For the last decade my knees have been sending me unpleasant nastygrams with increasing frequency as they slowly morphed into an old cowboy's bandy-legged profile. It seems the interior landing of both knees have been succumbing to a lifetime of playing hard, coupled with a pesky thing called osteoarthritis, which my parents gave me as a birthday present. The net result of all this is that my knees hurt pretty much full time, although sometimes even moreso.

But I just happened to stumble along at the right time. A fairly recent technology has come of age specifically for hapless victims like myself. It is a robotic surgery called MakoPlasty, and it replaces only the bits that have become defective, while realigning my anatomy to a straight-legged human. My old college pal Day tried it out two years ago and his enthusiasm sent me to investigate further. We tracked down a highly recommended surgeon down in Phoenix, Dr. Tarlow, and his robot Rio. The doc said I was a poster boy for this surgery. So I waited for the insurance calendar to begin a new deductible year and set sail for Phoenix.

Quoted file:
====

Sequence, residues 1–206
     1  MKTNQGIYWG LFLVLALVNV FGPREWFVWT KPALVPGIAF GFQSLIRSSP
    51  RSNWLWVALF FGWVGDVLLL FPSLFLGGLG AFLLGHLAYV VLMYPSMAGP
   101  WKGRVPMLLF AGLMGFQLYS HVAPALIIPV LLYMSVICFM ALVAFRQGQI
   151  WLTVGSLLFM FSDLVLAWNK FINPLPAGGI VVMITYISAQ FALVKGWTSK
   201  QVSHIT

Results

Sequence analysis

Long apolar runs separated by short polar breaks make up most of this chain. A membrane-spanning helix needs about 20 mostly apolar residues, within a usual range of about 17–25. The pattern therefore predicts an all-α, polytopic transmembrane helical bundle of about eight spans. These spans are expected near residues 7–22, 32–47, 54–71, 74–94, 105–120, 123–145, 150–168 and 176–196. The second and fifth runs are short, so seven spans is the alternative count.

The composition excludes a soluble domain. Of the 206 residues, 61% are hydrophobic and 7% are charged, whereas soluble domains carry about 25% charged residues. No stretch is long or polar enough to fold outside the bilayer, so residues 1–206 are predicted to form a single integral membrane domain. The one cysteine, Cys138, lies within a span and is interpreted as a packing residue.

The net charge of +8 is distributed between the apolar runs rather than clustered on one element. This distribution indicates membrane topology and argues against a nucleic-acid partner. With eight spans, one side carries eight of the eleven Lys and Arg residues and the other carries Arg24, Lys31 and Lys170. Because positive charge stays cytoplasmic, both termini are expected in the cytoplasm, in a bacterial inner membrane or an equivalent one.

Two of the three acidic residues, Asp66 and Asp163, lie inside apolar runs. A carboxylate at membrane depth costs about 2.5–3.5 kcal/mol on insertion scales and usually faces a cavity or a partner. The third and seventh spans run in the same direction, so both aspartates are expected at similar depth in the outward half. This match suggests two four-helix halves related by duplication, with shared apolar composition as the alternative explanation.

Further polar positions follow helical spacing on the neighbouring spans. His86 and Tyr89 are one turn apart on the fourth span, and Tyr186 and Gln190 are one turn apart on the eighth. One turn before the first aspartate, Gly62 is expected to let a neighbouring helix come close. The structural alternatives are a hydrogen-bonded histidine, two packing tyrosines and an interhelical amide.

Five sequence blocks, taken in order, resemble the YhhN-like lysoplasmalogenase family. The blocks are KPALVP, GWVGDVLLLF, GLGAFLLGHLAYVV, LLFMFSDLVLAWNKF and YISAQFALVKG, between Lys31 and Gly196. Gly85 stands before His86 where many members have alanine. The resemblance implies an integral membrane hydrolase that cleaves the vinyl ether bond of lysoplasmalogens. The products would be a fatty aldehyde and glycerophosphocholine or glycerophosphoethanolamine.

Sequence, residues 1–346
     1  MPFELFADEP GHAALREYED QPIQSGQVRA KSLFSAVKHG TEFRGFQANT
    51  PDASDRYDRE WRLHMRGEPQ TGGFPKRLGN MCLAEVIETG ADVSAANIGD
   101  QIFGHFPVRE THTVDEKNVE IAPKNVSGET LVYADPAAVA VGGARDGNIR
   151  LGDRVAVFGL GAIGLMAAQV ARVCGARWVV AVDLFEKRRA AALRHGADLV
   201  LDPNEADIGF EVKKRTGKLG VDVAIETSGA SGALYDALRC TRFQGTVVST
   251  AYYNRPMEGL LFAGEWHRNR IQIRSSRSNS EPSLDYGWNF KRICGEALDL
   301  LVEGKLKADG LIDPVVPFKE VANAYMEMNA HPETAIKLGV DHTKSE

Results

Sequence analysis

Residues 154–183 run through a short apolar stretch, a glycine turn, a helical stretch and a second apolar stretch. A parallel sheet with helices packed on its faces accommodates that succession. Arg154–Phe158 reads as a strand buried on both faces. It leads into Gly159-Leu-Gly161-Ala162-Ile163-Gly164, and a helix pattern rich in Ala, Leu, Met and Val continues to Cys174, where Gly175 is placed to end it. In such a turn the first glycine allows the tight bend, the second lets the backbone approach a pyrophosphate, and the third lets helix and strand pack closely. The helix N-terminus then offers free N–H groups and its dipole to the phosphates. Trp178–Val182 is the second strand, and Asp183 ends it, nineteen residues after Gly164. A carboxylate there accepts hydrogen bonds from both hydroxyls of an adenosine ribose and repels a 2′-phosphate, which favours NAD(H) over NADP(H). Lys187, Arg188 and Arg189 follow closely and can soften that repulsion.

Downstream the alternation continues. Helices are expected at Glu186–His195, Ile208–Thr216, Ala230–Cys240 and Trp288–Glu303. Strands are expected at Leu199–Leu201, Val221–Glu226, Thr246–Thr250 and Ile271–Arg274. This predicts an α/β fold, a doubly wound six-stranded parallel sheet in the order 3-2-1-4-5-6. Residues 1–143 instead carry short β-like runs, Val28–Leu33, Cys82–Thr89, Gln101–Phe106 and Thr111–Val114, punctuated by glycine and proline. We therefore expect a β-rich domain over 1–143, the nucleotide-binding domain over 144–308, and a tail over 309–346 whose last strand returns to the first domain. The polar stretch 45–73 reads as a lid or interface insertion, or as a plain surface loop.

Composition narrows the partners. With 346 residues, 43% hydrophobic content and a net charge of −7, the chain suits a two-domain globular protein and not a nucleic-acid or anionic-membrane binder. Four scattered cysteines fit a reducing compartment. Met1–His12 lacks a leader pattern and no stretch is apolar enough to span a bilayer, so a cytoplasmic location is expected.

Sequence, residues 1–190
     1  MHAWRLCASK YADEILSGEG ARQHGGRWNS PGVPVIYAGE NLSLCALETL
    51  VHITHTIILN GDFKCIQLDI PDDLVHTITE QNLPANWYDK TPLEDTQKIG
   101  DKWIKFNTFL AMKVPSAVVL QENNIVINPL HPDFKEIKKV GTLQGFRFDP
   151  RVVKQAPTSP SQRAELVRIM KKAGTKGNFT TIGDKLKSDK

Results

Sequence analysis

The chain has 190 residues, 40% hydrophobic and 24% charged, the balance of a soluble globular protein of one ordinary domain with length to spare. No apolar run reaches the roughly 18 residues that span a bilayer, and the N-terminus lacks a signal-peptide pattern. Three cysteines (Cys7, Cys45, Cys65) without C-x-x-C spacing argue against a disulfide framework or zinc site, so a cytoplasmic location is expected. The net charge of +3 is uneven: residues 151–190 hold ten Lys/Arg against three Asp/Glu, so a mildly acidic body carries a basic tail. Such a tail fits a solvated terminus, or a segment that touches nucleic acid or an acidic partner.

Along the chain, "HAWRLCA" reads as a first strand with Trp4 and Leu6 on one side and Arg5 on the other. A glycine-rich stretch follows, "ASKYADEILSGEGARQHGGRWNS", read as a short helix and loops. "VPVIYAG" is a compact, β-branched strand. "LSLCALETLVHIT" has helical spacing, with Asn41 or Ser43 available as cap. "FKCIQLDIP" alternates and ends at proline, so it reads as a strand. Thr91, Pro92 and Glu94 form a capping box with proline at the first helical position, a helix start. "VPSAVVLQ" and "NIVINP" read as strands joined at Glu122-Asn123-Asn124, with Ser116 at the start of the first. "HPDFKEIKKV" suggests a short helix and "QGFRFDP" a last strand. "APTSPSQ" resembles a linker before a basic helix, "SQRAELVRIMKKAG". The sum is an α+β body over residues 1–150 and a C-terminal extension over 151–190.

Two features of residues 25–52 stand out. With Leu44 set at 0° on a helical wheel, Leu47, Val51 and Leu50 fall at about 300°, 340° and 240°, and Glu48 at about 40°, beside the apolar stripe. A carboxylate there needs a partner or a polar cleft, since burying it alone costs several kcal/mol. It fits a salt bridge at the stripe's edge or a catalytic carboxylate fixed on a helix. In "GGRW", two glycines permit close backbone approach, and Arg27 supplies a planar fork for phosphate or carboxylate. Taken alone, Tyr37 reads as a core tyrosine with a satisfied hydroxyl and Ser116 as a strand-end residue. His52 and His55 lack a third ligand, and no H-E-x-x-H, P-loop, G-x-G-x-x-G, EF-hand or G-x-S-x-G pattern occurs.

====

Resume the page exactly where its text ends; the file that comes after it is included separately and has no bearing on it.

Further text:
Last week I got to go for a ride in the space age cat scan machine. It whirs and hisses as you slide in and out of the tube of power. They tell me it made a very accurate 3D map of my legs from hip to ankle. This data gets fed to Rio the Robot.


On Monday morning they gave me a handsome buttless gown, stuck some things in me and told me to say Good Night Brad.


Then they did some stuff. Here are some pictures of what they tell me happened next. First off, Dr. Tarlow and his friend Rio showed up. 



Then they screwed some antennae into my upper and lower leg and tuned them into Rio, so he (she?) would know very, very precisely where my anatomy was hovering in the space-time continuum. Then they sliced open my knee and, with a little grinder attached to Rio's arm, ground out the funky part of my joint and made an awesomely precise landing for some chunks of metal.